SUMMARY OF THE INVENTION

The invention relates to a method and an apparatus for automatic non-invasive controlled or regulated, respectively, electromagnetic prevention of epileptic seizures in vivo.

The object of the present invention is to create a method and an apparatus for prevention of epileptic seizures.

Using a seizure model results in a reliable prevention of epileptic seizures. The present invention is based on the knowledge, that, using these models, processes leading to seizures can be quantified, and suitable control parameters can be specified, which makes a reliable seizure-prevention feasible.

In general according to one aspect, the invention features a method for non-invasive controlled or regulated, respectively, electromagnetic prevention of epileptic seizures in vivo. The method comprises automatic extracranial electromagnetic measurement of brain activity; automatic calculation of an early warning indicator for epileptic seizures; automatic calculation of an intervention instruction for preventing an impending seizure, triggered by a seizure warning by the early warning indicator, by means of a seizure model and the brain activity measured; and automatic intervention according to the intervention instruction, using controlled or regulated, respectively, extracranial generation of magnetic fields.

The above and other features of the invention including various novel details of construction and combinations of parts, and other advantages, will now be more particularly described with reference to the accompanying drawings and pointed out in claims. It will be understood that the particular method and device embodying the invention are shown by way of illustration and not as a limitation of the invention. The principles and features of this invention may be employed in various and numerous embodiments without departing from the scope of the invention.

BRIEF DESCRIPTION OF THE DRAWINGS

In the accompanying drawings, reference characters refer to the same parts throughout the different views. The drawings re not necessarily to scale; emphasis has instead been placed upon illustrating the principles of the invention. Of the drawings:

In the following the invention will be described by way of examples, referring to the appended drawings:

FIG. 1 shows a transmitter from the side.

FIG. 2 shows a transmitter from below.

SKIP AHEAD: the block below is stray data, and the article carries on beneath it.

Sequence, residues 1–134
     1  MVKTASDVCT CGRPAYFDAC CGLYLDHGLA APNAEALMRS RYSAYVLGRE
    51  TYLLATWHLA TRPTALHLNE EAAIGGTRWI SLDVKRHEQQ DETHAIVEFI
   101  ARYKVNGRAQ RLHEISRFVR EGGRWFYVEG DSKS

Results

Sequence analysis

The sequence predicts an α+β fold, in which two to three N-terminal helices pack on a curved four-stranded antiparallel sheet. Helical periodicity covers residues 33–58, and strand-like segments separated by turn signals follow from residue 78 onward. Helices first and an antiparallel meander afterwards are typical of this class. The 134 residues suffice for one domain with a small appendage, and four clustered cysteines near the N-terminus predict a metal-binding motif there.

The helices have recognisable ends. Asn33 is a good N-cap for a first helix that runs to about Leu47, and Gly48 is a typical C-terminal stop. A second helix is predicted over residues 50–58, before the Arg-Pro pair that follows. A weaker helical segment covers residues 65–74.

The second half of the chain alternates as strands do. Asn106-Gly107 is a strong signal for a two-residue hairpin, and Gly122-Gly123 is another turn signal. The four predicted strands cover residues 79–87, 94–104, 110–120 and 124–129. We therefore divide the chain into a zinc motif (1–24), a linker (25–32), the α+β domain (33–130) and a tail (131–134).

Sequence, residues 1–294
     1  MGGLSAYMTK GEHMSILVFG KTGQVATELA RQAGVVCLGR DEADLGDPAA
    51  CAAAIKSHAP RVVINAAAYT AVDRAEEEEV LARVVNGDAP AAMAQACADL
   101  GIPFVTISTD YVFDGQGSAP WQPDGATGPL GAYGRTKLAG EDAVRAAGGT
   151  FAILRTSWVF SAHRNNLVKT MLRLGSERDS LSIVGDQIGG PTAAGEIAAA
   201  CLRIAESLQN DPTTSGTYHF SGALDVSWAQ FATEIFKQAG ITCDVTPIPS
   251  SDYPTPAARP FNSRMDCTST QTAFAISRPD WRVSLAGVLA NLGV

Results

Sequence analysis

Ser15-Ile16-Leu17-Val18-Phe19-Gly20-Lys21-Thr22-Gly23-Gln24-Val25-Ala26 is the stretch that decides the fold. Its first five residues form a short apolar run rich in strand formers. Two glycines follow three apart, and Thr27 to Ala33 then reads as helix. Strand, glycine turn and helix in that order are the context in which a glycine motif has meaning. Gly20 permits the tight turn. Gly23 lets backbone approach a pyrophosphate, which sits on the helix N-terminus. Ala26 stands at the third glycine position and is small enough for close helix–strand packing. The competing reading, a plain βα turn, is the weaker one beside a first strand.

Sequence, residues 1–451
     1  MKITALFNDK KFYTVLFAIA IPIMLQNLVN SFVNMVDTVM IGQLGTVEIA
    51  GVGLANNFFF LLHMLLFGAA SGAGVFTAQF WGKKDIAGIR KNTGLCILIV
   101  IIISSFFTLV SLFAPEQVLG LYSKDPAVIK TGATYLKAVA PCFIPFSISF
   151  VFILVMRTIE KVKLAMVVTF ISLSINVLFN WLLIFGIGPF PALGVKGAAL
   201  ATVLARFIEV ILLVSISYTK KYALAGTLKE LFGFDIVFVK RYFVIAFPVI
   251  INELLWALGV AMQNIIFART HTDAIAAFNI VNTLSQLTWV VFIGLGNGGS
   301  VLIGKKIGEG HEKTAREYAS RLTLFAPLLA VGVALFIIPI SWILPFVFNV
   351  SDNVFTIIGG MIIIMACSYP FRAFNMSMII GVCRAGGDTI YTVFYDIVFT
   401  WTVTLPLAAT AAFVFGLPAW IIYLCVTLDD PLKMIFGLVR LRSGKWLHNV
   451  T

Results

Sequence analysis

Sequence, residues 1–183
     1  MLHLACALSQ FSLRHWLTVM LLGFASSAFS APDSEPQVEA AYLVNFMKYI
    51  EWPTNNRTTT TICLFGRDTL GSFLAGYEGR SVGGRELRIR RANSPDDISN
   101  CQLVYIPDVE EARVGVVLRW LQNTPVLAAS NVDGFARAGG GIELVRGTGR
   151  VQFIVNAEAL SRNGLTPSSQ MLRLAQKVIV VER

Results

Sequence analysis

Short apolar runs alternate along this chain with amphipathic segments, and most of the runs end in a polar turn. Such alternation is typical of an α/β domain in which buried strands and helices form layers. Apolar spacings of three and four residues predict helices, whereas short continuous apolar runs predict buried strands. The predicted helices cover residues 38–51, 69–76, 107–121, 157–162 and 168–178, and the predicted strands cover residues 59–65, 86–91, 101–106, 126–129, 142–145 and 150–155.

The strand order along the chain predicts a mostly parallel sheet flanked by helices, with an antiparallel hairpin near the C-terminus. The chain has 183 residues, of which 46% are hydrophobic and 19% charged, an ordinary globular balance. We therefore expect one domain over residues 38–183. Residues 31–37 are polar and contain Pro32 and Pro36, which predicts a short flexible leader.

FIG. 3 shows a planar projection of drill-holes for sensors and transmitters displaying their locations within a helmet.

FIG. 4 shows a helmet with overhead suspension and chin-rest.

FIG. 5 shows another planar projection of drill-holes for sensors and transmitters displaying their locations within a helmet.

FIG. 6 shows an example for a time-series of measured EEG values from one sensor.

FIG. 7 shows the phase-space representation of parts of this time-series.

FIG. 8 shows a typical SNR-diagram (“signal-to-noise-ratio”).

DETAILED DESCRIPTION OF THE PREFERRED EMBODIMENTS

Apparatus:

In accordance with the principles of the invention, an apparatus comprises, on the input side, a measurement system with devices for electromagnetic measurement, data processing, and data transfer, in a preferred embodiment of the invention e.g. including and EEG-cap with sensors, connections to amplifer, amplifier, connections to A/D-convertor, A/D-convertor, connections to the computer, power sources, and connections.

The apparatus comprises, on the output side, a control system with devices for the extracranial generation of magnetic fields, to be called “transmitters”,an apparatus for the transfer of control signals to transmitter signals, in a preferred embodiment of the invention e.g. including conducting coils, power sources, connections, D/A-converter.

Furthermore the apparatus includes a computer (PC or workstation) between input- and outside side, with software for implementation of the method described below in more detail.

Suitable sensors are EEG- or MEG-sensors. The MEG sensors comprise, e.g. a SQUID sensor element with suitable evaluation device for detecting a magnetic field, plus cooling device. EEG-sensors include two electrodes for measuring a difference in electric potential.